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A Better Way To Make Beautiful Bokeh

An improved process for creating the look of shallow depth of field in Photoshop

There are tradeoffs that come with every photographic decision. For instance, choosing to shoot wide open for the benefits of shallow depth of field can also make it more likely to miss focus. So instead of shooting wide open, you choose ƒ/8 to ensure sharpness but then suffer through an image with too much detail in the background. This, like many photographic issues, can be improved with some careful post-processing. And while many folks claim there’s an easy way to create blurred backgrounds in Photoshop, they typically skip one crucial step that keeps their artificial blurs from looking quite natural. Here’s my secret to creating beautiful out-of-focus background blur (or bokeh) with just a few steps in Photoshop.

First, choose an image with a single, isolated subject. Portraits, for instance, tend to work well for this. (They also tend to be the ideal subject that can benefit from added background blur.) Open the image in Photoshop, then click Command+J (or CTRL+J on Windows) to duplicate the image onto a new layer, then do it again to create a second duplicate layer. Turn off the top layer by clicking the eye icon next to the top layer in the Layers palette, then click the middle layer icon in that palette so that the middle layer is active.

The secret to my approach’s success is in this additional layer and how you treat it. Some folks advocate simply selecting the subject, inverting that selection and then blurring the background—or even creating a new layer and blurring the one below, then using a mask to isolate the subject. The problem with both of these approaches is they create a fuzzy, blurred edge around the subject. It’s because some of those “subject pixels” blur too, and then unnaturally blend into the blurred background. That ghosted edge of subject blurring into the background is a dead giveaway that the bokeh isn’t optical but digital.


So I take that middle layer in Photoshop and then open the Liquify filter. Here, I select a large brush size (roughly as big as, say, the subject’s head) and I push the edges of my portrait to make her smaller. I’m not worried about making it look real, I just want to squeeze the subject into a smaller footprint so when her edges end up blurring in the background, they’ll be hidden by her unaltered form on the top layer. So just liquify the edges and make the subject slightly smaller. (In lieu of liquify, you could also use a clone stamp if you’re more comfortable with that approach.) The key is that you want the background of the image to encroach on the outline of the subject.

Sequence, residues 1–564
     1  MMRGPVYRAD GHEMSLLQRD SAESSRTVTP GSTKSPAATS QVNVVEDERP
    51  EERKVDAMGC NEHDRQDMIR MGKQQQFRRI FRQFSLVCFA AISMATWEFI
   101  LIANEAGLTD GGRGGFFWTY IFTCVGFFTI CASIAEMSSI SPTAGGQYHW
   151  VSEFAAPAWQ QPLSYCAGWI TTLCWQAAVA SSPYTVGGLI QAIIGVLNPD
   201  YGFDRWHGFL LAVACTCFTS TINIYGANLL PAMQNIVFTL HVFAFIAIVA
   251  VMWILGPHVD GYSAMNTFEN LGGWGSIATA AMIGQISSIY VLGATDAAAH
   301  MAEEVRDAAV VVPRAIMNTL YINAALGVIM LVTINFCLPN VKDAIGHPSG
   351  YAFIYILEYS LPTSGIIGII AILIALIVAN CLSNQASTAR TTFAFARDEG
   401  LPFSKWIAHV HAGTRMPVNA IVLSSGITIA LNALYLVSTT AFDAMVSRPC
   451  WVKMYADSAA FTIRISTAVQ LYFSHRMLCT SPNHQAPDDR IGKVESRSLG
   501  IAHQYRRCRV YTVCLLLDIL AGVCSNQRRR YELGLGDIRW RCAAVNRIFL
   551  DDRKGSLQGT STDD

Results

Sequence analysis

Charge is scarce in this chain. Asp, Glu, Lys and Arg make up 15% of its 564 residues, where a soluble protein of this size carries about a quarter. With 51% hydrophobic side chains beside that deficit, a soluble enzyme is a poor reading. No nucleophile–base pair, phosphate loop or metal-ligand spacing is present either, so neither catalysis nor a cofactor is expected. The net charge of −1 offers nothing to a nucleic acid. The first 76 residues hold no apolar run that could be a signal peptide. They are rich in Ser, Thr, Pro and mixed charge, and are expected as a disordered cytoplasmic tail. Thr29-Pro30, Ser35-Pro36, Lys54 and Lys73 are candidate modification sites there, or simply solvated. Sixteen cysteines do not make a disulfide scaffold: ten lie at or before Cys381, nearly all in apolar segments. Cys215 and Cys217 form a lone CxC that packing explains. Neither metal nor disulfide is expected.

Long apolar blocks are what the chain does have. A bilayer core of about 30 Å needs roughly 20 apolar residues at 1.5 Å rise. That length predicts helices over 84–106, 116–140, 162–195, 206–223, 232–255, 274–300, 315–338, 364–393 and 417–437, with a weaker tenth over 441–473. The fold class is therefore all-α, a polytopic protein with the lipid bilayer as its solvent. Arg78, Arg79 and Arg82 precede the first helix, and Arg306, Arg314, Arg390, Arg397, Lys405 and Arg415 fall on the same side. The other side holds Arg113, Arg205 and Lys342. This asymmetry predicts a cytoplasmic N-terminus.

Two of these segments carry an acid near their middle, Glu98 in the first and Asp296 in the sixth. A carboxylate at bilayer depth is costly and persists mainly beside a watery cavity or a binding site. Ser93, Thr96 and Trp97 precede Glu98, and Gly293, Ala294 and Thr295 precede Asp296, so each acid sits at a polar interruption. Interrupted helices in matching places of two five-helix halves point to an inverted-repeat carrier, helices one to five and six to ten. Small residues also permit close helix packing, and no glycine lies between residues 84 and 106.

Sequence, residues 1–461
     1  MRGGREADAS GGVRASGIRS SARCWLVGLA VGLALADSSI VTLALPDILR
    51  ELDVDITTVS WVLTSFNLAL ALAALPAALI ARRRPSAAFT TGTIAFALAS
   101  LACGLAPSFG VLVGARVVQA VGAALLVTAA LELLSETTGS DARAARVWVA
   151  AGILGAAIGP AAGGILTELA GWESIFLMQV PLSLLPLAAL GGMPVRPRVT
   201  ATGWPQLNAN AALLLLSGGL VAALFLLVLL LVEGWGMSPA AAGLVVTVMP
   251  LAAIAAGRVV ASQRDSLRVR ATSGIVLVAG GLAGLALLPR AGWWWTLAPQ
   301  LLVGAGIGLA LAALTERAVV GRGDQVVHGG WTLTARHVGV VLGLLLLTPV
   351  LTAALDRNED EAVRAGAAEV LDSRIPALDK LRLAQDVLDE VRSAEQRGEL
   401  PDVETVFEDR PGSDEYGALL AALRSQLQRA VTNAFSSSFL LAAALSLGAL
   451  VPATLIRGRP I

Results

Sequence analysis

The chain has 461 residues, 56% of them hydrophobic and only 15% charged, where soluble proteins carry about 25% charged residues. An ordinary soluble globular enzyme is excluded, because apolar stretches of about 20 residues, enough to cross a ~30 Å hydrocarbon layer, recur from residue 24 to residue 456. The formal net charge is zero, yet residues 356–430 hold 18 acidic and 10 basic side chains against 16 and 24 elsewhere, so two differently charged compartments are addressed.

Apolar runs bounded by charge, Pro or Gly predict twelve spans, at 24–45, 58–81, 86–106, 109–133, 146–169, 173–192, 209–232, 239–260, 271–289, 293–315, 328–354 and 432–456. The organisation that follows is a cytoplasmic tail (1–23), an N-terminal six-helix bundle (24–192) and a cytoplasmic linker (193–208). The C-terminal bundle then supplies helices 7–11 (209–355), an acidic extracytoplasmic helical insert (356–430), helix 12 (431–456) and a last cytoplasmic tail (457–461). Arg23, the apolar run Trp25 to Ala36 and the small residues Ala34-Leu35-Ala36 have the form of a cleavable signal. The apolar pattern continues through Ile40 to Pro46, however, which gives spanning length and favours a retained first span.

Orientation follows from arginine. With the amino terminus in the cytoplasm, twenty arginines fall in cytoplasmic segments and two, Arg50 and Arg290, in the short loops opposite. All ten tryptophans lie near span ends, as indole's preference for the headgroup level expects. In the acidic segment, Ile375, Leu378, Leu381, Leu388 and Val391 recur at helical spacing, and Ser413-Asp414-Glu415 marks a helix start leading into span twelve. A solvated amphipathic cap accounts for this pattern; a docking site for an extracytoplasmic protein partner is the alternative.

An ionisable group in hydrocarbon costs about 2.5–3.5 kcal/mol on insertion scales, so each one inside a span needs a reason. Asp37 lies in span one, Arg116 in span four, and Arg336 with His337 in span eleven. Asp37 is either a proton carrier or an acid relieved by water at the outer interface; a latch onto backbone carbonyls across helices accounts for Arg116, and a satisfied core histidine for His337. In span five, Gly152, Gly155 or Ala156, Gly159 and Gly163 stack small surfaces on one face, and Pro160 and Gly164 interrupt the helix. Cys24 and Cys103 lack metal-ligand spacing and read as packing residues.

Next, click the top layer’s eye icon in the layers palette to reactivate it, and use the Select Subject command to automatically select the subject. Then use Select and Mask in the Select menu to refine the edges of the selection. (I actually prefer to hold the Shift key when I click Select and Mask, which opens up the legacy version of the Refine Edge tool.)


Simply paint along the edges of the subject and Photoshop will automatically go over the edge with a virtual “fine-toothed comb” to ensure the subject is selected and the background isn’t. Now with the edge cleaned up, the selection is very accurate around the subject, so click OK when you’re ready to move to the final step.

With the subject selected and the edges of that selection refined, click the New Layer Mask icon in the Layers palette to turn that selection into a mask on the top layer. Now you have the subject isolated on her own layer, so when you modify the background layer behind her she—and her edges—will remain tack sharp and unblurred.


Finally, once again click on the middle layer to make it active. (This is the one you had previously liquefied to encroach background onto the space previously occupied by the subject.) Make sure no selection is active, then use a Gaussian Blur filter found under the Blur heading of the Filter menu. You’ll need to do some experimentation to determine what amount of blur looks best to you, and there’s no right answer. It’s all a question of taste, though I will say this is often a good example of “less is more.” Regardless of the intensity of the blur, you’ll notice there’s no blurring of the subject creating a ghostly shadow around the edges of the isolated subject.

Portrait with bokeh background

You may have to further refine the edge of the subject’s mask—which I do by simply painting any errant areas by using a paintbrush on the layer mask. In the end, what you’ll see is a photograph with a beautifully blurred bokeh background that looks just as authentic as if it had been made by shooting with a wider aperture in camera.

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